Thursday, August 24, 2017

Without excuse

Browsing in The Conservative Tradition in European Thought (1970), I came across this by the Roman lawyer and Senator, Marcus Tullius Cicero (106 BC–43 BC).
.... True law is right reason in agreement with nature; it is of universal application, unchanging and everlasting; it summons to duty by its commands, and averts from wrongdoing by its prohibitions. And it does not lay its commands or prohibitions upon good men in vain, though neither have any effect on the wicked.. It is a sin to try and alter this law, nor is it allowable to attempt to repeal any part of it, and it is impossible to abolish it entirely. We cannot be freed from its obligations by senate or people, and we need not look outside ourselves for an expounder or interpreter of it. And there will not be different laws at Rome and at Athens, or different laws now and in the future, but one eternal and unchangeable law will be valid for all nations and all times, and there will be one master and ruler, that is, God, over us all, for he is the author of this law, its promulgator, and its enforcing judge. Whoever is disobedient is fleeing from himself and denying his human nature, and by reason of this very fact he will suffer the worst penalties, even if he escapes what is commonly considered punishment.... (Republic, Book III)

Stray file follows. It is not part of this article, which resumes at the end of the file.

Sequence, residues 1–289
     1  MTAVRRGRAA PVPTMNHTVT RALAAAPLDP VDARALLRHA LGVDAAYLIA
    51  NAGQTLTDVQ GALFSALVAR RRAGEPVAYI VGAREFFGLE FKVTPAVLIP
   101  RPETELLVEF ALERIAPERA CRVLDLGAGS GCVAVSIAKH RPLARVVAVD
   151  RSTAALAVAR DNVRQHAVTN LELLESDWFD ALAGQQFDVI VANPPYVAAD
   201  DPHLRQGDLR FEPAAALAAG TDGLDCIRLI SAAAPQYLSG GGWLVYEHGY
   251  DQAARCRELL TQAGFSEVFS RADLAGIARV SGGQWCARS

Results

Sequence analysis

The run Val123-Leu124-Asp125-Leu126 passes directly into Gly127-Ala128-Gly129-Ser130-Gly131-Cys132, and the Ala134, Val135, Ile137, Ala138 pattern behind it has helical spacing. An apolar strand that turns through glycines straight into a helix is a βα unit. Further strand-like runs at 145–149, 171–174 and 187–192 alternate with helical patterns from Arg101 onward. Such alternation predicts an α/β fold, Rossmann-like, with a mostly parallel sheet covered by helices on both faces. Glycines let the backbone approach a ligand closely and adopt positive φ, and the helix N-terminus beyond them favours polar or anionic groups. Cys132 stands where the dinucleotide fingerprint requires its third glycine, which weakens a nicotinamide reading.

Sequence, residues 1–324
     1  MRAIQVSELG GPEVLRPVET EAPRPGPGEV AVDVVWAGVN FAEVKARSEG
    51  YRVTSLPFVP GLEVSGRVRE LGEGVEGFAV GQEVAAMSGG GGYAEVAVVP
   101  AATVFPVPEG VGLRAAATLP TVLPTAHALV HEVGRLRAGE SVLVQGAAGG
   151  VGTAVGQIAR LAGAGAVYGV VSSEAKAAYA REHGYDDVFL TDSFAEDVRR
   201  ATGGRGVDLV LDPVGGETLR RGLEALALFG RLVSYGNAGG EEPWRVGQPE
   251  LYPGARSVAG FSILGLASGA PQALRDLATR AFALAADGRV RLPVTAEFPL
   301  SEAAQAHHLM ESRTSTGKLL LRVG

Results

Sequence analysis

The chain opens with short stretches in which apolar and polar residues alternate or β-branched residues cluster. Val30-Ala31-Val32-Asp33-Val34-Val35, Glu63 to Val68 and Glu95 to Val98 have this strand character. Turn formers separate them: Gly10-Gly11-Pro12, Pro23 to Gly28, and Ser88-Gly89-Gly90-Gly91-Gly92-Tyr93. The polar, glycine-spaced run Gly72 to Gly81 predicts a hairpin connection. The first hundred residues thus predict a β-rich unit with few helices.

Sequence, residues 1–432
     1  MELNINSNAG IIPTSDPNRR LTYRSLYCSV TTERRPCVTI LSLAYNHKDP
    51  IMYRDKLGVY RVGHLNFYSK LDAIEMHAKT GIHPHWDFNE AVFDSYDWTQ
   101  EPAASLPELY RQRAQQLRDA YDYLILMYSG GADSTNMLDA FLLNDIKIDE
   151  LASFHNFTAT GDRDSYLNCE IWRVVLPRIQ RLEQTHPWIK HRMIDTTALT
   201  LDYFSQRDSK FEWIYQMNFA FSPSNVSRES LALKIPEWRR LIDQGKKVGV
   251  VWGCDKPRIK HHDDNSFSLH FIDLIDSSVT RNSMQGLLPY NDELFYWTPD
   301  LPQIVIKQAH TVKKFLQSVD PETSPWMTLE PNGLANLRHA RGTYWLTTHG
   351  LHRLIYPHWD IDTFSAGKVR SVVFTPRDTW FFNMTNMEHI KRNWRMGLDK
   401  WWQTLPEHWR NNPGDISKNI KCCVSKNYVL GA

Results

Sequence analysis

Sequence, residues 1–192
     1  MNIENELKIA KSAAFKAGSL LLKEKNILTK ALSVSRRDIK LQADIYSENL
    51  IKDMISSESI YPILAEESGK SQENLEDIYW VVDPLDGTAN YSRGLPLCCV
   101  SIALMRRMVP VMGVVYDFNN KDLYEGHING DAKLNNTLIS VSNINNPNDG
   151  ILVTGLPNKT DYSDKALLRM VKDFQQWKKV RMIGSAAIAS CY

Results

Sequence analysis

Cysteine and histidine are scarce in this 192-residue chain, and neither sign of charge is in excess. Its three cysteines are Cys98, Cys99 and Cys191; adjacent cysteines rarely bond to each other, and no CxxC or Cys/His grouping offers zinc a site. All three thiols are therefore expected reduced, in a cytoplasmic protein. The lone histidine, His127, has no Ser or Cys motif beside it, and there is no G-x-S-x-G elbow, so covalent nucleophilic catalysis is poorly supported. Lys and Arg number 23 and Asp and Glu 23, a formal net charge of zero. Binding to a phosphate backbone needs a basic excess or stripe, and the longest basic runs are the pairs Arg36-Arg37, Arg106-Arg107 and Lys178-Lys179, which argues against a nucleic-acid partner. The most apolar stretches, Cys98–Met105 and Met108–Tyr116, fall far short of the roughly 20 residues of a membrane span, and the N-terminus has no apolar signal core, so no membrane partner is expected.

For his invisible attributes, namely, his eternal power and divine nature, have been clearly perceived, ever since the creation of the world, in the things that have been made. So they are without excuse. (Romans 1:20)

For when Gentiles, who do not have the law, by nature do what the law requires, they are a law to themselves, even though they do not have the law. 15 They show that the work of the law is written on their hearts, while their conscience also bears witness... (Romans 2:14–15)